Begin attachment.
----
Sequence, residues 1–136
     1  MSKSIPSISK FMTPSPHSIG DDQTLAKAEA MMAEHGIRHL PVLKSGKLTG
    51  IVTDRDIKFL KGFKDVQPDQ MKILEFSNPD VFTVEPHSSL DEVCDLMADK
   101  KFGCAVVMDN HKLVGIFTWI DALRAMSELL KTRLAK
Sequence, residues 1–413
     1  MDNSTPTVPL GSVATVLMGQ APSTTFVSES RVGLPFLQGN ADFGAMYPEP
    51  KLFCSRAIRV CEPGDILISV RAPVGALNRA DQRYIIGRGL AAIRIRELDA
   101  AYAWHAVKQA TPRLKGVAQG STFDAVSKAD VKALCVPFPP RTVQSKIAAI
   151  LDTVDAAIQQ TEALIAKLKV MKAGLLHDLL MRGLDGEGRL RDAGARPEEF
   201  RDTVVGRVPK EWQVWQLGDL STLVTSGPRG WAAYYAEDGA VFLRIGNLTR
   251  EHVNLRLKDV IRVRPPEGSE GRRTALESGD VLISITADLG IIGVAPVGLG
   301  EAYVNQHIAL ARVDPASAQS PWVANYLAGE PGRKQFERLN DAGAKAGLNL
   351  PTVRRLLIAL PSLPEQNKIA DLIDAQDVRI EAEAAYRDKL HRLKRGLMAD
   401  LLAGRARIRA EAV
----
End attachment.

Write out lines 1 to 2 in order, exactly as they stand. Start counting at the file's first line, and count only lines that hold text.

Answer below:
Sequence, residues 1–136
     1  MSKSIPSISK FMTPSPHSIG DDQTLAKAEA MMAEHGIRHL PVLKSGKLTG